Refeed Day for Enhanced Fat Loss
One of the best things about advances in nutritional science is the fact that new methods and systems are being developed to improve fat loss and make it easier to get the body you want as effectively as possible.
On the upside, new methods of dieting such as flexible dieting and refeeding allow anyone to burn fat easier and more effectively than before. The downside is that there is so much new information out there that it can be difficult to keep track of all the new terms. One of these terms is refeed. Refeeding is effective and it gets mentioned a lot, but what is it?
To go on the definition alone, a refeed day is a period during your diet that you overfeed yourself by increasing caloric intake with carbohydrates.
But that doesn’t explain much, does it?
Here’s what you need to know:
What Exactly is a Refeed Day?
To truly understand what exactly a refeed day is, you need to look at what happens when you are cutting weight and burning fat.
To lose fat, you are operating at a caloric deficit. That means you are burning more calories than you consume whether it is because you are eating less or you are exercising more. What happens when you start losing weight is your body notices the difference in the amount of energy being consumed and begins to adapt.
First, your body naturally sends signals to your brain that you need to start eating more. This makes you feel constantly hungry and increases your cravings. Second, your metabolism begins to slow down. Your body panics because you start losing weight so it slows your metabolism down to try and conserve your fat deposits, which are basically stores of energy.
But what if you could turn this process upside down and trick your body into not slowing your metabolic rate down as much and not increasing your appetite? That’s exactly what happens with a refeed.
A refeed is the strategic consumption of extra calories to help keep your metabolic rate from plummeting and your cravings low to increase your body’s ability to burn fat efficiently.
Physiological and Psychological Benefits of a Refeed Day
With refeed, there are multiple benefits that you will start to receive. In general, the main benefit is that you will be able to curb your appetite so you do not feel like constantly eating everything in sight and it keeps your metabolic rate running as high as possible so you can burn fat as quickly as possible. But the benefits run a lot deeper than that.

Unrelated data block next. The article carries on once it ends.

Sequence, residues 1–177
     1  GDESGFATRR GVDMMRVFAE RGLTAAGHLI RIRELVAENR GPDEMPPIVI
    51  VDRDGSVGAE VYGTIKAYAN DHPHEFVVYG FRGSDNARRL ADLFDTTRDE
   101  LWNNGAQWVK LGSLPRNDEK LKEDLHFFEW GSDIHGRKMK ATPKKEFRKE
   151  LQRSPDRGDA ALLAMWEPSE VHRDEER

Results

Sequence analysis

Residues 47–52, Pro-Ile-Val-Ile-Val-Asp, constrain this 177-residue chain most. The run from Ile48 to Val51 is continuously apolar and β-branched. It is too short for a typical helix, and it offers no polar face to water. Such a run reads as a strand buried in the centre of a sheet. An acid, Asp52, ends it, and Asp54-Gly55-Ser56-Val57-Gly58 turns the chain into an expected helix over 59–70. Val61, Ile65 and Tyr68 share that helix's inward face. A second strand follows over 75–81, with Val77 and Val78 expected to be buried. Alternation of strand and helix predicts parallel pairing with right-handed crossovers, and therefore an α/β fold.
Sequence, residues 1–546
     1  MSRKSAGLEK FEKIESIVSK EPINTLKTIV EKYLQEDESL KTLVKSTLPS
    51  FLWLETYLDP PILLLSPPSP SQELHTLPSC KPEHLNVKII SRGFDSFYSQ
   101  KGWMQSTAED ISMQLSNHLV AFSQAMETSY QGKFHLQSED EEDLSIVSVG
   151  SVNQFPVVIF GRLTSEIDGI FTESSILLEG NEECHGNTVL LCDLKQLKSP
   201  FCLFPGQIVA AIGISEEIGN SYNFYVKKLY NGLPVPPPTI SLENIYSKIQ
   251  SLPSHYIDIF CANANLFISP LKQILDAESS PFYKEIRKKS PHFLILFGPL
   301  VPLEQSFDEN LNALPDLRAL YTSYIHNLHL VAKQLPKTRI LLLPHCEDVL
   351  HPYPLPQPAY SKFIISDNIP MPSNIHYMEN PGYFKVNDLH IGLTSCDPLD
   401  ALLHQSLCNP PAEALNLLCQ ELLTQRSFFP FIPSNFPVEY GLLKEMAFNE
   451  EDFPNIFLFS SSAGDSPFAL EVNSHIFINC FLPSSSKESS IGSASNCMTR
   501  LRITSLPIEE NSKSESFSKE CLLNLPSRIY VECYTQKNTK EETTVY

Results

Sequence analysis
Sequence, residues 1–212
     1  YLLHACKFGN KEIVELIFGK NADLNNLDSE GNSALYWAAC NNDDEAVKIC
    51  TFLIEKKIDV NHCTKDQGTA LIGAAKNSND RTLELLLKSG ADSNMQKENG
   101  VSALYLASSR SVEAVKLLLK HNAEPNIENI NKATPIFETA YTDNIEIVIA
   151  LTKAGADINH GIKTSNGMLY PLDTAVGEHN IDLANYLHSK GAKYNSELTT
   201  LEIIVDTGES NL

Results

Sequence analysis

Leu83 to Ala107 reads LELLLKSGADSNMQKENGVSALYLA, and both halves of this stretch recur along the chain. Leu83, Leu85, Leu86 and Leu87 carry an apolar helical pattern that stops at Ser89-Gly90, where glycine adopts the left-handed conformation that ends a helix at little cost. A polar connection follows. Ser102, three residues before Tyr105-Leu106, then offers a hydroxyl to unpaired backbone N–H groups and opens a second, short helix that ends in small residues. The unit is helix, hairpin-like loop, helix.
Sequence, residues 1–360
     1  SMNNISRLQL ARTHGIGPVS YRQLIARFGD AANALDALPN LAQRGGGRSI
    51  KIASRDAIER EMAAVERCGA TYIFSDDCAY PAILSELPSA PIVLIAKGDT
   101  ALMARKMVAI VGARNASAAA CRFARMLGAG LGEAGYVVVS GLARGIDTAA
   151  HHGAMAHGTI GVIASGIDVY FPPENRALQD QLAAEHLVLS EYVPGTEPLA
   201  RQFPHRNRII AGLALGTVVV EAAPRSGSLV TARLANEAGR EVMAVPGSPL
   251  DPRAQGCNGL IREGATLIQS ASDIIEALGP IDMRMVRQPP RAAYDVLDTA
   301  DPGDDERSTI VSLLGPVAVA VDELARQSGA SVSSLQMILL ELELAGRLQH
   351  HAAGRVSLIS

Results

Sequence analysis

One of the major benefits of a refeed is that it helps increase glycogen levels during a weight cut. Muscle glycogen levels are a very important aspect of adding lean mass. When you start to burn up fat deposits, the stores of glycogen in your muscles also starts to lower. Once they get too low, your body starts to break down muscle which means you aren’t burning just fat and you definitely aren’t adding any mass.
With a refeed, you can temporarily turn your body from a state of breaking down (known as catabolism) to a state of rebuilding (known as anabolism). When you are operating at a strict caloric deficit, your body is breaking down more than it is building up, so when you refeed, your body will have a temporary window for anabolism so you are able to maintain your muscle mass even as you burn fat.
So refeeds can defiantly help out with replenishing muscle glycogen levels, but there are other hormones that are affected by dieting down such as leptin, ghrelin, and insulin. We will focus primarily on Leptin in this article.
Leptin is a hormone that is tied closely to regulating energy intake and expenditure. It can have effects on appetite, hunger and metabolism. Feeling hungry and craving food is the most annoying aspects of this hormone. When leptin reaches low levels in your body, you start to feel hungry. The opposite is true when it is present in higher levels, you begin to feel full and stop eating. It stops this hunger by binding to the receptors of the hypothalamus (part of the brain that regulates hormones) stimulating the release of appetite-suppressing chemicals.
When you cut calories and start exercising to burn fat, leptin levels in your body will plummet causing you to feel hungry and slow down your metabolic rate.1,2 A decreased metabolism makes it hard to lose that last bit of fat. Refeeding with carbohydrates can reverse this as Leptin levels increase when insulin levels increase. Introducing specific amounts of carbohydrates—a key element to a refeeds—can alter hormone levels, help boost metabolism, and stop cravings so you can continue to have progress losing weight.3,4
Unlike cheat meals that are simply random, a refeed is highly calculated just like your macros for IIFYM and Flexible Dieting. This allows you to feel great and remain in control of your diet. Knowing these physiological and psychological benefits let’s see how we can implement a refeed into your diet.